Email updates

Keep up to date with the latest news and content from Malaria Journal and BioMed Central.

Open Access Highly Accessed Open Badges Research

Artemisinin derivatives versus quinine in treating severe malaria in children: a systematic review

George PrayGod1*, Albie de Frey2 and Michael Eisenhut3

Author Affiliations

1 National Institute for Medical Research, P.O Box 1462, Mwanza, Tanzania

2 School of Public Health, University of the Witwatersrand, 7 York Road, Parktown 2193, Johannesburg, South Africa

3 Luton & Dunstable Hospital NHS Foundation Trust, Lewsey Road, Luton, LU4 0DZ, UK

For all author emails, please log on.

Malaria Journal 2008, 7:210  doi:10.1186/1475-2875-7-210

Published: 17 October 2008



The efficacy of intravenous quinine, which is the mainstay for treating severe malaria in children, is decreasing in South East Asia and Africa. Artemisinin derivatives are a potential alternative to quinine. However, their efficacy compared to quinine in treating severe malaria in children is not clearly understood. The objective of this review was to assess the efficacy of parenteral artemisinin derivatives versus parenteral quinine in treating severe malaria in children.


All randomized controlled studies comparing parenteral artemisinin derivatives with parenteral quinine in treating severe malaria in children were included in the review. Data bases searched were: The Cochrane Central Register of Controlled Trials (The Cochrane Library Issue 4, 2007), MEDLINE (1966 to February 2008), EMBASE (1980 to February 2008), and LILACS (1982 to February 2008). Dichotomous variables were compared using risk ratios (RR) and the continuous data using weighted mean difference (WMD).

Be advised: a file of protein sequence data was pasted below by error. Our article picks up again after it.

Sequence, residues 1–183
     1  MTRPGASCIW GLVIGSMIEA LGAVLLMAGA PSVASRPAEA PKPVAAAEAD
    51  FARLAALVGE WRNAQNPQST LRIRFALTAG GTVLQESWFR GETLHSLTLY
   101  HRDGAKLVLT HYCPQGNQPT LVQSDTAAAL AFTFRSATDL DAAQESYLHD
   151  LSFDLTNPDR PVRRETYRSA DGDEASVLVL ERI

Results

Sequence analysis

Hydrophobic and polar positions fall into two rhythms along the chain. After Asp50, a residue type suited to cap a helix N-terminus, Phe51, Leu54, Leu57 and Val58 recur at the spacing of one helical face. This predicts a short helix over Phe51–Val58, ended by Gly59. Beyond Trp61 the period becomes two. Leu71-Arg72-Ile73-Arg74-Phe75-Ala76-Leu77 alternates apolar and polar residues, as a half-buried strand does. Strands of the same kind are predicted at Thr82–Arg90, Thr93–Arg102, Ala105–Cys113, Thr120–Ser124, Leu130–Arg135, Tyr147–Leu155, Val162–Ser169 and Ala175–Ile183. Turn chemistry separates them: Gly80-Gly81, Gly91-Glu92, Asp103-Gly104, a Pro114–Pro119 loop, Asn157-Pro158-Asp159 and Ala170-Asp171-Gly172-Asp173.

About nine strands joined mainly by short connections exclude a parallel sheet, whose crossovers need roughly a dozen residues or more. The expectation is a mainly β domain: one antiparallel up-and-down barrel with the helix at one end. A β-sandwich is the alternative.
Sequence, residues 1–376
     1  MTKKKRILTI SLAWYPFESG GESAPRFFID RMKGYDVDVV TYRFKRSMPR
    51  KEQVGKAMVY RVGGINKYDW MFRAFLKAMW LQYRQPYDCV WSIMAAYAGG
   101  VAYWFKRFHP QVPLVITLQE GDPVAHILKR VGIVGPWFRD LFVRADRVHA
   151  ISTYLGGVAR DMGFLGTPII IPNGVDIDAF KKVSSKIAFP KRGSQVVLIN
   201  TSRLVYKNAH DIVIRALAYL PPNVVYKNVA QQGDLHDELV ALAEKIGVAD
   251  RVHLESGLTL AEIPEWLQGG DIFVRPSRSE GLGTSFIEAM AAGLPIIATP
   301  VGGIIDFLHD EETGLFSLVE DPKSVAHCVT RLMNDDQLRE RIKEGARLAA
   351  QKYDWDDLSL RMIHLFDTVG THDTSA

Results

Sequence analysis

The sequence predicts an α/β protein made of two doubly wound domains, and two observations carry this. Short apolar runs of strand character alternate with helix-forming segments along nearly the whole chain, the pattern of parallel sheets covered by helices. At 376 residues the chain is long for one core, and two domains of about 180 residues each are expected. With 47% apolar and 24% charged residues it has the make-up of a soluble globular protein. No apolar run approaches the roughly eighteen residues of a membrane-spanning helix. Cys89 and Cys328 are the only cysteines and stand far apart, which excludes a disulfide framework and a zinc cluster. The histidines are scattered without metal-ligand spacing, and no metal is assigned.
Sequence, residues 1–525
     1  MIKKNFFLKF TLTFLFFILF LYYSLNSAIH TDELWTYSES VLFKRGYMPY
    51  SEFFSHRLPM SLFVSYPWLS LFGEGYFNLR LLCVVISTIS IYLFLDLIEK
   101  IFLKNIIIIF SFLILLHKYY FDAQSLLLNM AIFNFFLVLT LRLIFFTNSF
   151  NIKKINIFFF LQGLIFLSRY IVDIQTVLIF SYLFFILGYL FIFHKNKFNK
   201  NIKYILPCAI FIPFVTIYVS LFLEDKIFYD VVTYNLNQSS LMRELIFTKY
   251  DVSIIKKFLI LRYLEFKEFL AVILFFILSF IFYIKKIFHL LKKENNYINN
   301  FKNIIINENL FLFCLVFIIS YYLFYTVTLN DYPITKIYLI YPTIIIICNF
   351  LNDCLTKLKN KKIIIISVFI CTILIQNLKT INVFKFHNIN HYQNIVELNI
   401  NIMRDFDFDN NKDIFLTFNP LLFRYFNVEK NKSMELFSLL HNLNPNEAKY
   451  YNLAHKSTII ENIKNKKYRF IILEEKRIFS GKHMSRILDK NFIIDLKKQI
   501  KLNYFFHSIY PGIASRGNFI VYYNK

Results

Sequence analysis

Twelve trials were included (1,524 subjects). There was no difference in mortality between artemisinin derivatives and quinine (RR = 0.90, 95% CI 0.73 to 1.12). The artemisinin derivatives resolved coma faster than quinine (WMD = -4.61, 95% CI: -7.21 to -2.00, fixed effect model), but when trials with adequate concealment only were considered this differences disappeared. There was no statistically significant difference between the two groups in parasite clearance time, fever clearance time, incidence of neurological sequelae and 28th day cure rate. One trial reported significantly more local reactions at the injection site with intramuscular quinine compared to artemether. None of the trials was adequately powered to demonstrate equivalence.


There was no evidence that treatment of children with severe malaria with parenteral artemisinin derivatives was associated with lower mortality or long-term morbidity compared to parenteral quinine. Future studies require adequately powered equivalence trial design to decide whether both drugs are equally effective.